Related provisions for MCOB 2.6A.16
41 - 60 of 75 items.
A firm must satisfy the following conditions when carrying out client orders:(1) it must ensure that orders executed on behalf of clients are promptly and accurately recorded and allocated;(2) it must carry out otherwise comparable orders sequentially and promptly unless the characteristics of the order or prevailing market conditions make this impracticable, or the interests of the client require otherwise; and(3) it must inform a retail client about any material difficulty relevant
A firm's run-off plan should include:(1) details of any changes that will be made to the firm's corporate governance arrangements as a consequence of closure;(2) an explanation of how costs charged to the with-profits fund may change in the light of closure;(3) an explanation of any changes it will make, as a consequence of closure, to any charges for guarantees, including:(a) the circumstances in which those charges may be varied in the future; or (b) the manner by which the
(1) Where a restriction under MAR 4.3.1 R applies, an authorised professional firm is not prevented from providing professional advice or representation in any proceedings to the person where that falls within section 327(8) of the Act. This means that the person can obtain legal advice or representation in any proceedings from a law firm and accounting advice from an accounting firm: see MAR 4.4.1 R (2).(2) While the FSA recognises the duty of authorised professional firms to
1When the annual accounting period of a scheme is extended under COLL 6.8.2 R (4) or (6), resulting in a longer than usual period before the publication of reports to unitholders, the authorised fund manager should make summary information about the investment activities of the scheme available to unitholders during that period, in accordance with Principles 6 (Customers' interests) and 7 (Communications with clients).
A firm should establish and maintain appropriate systems and controls for the management of operational risks that can arise from employees. In doing so, a firm should have regard to:(1) its operational risk culture, and any variations in this or its human resource management practices, across its operations (including, for example, the extent to which the compliance culture is extended to in-house IT staff);(2) whether the way employees are remunerated exposes the firm to the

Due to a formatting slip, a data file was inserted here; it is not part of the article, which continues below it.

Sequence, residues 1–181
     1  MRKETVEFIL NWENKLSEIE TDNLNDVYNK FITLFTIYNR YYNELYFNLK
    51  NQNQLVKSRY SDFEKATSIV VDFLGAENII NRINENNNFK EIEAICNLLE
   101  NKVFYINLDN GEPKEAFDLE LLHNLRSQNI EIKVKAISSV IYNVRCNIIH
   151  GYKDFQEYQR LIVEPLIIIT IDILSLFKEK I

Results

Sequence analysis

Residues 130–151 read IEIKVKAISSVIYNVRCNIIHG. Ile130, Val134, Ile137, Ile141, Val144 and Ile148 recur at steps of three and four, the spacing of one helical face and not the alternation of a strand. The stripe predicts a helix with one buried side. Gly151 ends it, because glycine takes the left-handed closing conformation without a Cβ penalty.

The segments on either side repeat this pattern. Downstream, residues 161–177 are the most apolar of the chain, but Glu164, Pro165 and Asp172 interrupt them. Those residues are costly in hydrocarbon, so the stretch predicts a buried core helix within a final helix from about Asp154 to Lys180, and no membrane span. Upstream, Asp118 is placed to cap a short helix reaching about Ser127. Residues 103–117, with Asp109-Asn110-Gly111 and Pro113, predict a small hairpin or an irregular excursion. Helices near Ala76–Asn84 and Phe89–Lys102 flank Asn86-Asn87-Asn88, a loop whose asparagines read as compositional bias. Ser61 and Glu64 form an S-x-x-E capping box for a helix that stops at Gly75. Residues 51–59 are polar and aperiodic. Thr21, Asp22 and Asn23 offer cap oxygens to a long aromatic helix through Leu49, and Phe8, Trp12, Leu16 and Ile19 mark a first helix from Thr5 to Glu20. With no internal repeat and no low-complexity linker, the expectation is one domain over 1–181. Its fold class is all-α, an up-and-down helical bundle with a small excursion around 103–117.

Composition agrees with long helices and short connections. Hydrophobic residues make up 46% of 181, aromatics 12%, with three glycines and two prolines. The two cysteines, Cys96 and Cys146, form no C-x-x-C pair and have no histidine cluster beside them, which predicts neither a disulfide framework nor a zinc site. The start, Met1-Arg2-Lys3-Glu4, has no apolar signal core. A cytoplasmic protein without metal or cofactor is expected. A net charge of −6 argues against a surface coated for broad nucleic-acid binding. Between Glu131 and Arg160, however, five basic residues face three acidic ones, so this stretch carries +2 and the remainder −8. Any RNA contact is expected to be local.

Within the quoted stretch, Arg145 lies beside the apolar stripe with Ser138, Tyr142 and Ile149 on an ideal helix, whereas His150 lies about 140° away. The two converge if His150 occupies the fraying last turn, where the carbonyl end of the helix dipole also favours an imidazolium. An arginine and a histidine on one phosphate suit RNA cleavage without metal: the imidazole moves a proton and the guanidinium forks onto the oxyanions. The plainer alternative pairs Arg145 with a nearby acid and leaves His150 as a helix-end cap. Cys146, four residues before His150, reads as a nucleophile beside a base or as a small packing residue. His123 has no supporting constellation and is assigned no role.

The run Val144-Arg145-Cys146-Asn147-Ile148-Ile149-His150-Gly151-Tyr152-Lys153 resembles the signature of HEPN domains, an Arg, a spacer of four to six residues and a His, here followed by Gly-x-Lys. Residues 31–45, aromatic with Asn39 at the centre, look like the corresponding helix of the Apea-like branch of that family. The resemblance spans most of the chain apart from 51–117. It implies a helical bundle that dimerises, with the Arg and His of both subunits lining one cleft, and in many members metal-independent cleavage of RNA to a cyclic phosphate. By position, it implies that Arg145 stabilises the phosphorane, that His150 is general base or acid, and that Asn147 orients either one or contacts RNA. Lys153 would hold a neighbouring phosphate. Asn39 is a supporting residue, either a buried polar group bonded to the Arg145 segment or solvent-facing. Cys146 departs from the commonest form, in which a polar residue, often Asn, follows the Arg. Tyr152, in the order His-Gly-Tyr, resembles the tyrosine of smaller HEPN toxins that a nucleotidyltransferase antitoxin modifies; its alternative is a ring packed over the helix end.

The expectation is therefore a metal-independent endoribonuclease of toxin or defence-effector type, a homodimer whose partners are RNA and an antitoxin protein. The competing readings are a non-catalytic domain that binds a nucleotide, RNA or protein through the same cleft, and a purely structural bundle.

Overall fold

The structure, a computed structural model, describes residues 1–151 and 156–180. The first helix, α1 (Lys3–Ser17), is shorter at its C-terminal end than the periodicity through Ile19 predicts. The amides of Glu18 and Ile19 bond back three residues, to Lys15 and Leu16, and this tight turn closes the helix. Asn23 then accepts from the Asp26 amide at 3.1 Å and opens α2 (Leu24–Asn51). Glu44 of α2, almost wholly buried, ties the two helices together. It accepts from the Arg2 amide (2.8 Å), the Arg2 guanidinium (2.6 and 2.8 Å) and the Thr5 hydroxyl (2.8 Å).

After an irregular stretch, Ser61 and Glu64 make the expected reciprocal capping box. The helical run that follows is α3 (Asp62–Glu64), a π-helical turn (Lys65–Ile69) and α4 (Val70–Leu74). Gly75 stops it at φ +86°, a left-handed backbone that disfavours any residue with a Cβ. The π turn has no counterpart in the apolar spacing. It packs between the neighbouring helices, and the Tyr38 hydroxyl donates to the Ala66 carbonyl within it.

A firm should bear in mind its obligations under Principle 6. For example, if a firm knows that its interest in a home purchase plan will be assigned and the firm will no longer be responsible for setting rental payments and charges, the offer document should state this fact and who will become responsible after the assignment (if this is not known at the offer stage the customer should be notified as soon as it becomes known).
A firm would be unlikely to comply with the client's best interests rule and the fair, clear and not misleading rule, 3if:33(1) the services and costs disclosure document or the combined initial disclosure document that it provided initially did not reflect relevantexpected commission arrangements; or3(2) the firm arranged to retain any commission which exceeded the amount or rate disclosed without first providing further appropriate inducements information and obtaining the client's
Firms are reminded of the client's best interests rule, which requires the firm to act honestly, fairly and professionally in accordance with the best interests of their clients. An example of what is generally considered to be such conduct, in the context of stock lending activities involving retail clients is that:(1) the firm ensures that relevant collateral is provided by the borrower in favour of the client;(2) the current realisable value of the safe custody asset2 and
23'Relevant benefits' are those benefits that fall outside what is required in order that policyholders' reasonable expectations at that point of sale can be fulfilled. (The phrase 'policyholders' reasonable expectations' has technically been superseded. However, the concept now resides within the obligations imposed upon firms by FSA Principle 6 ('...a firm must pay due regard to the interests of its customers and treat them fairly....') Additionally, most of these benefits would
(1) 1A firm must not appoint a person as its appointed representative until it has entered into a written agreement (a "multiple principal agreement") with every other principal the person may have; but this does not apply to the appointment of an introducer appointed representative nor does it require an agreement with another principal which has appointed a person as an introducer appointed representative.(2) A firm must not unreasonably decline to enter into a multiple principal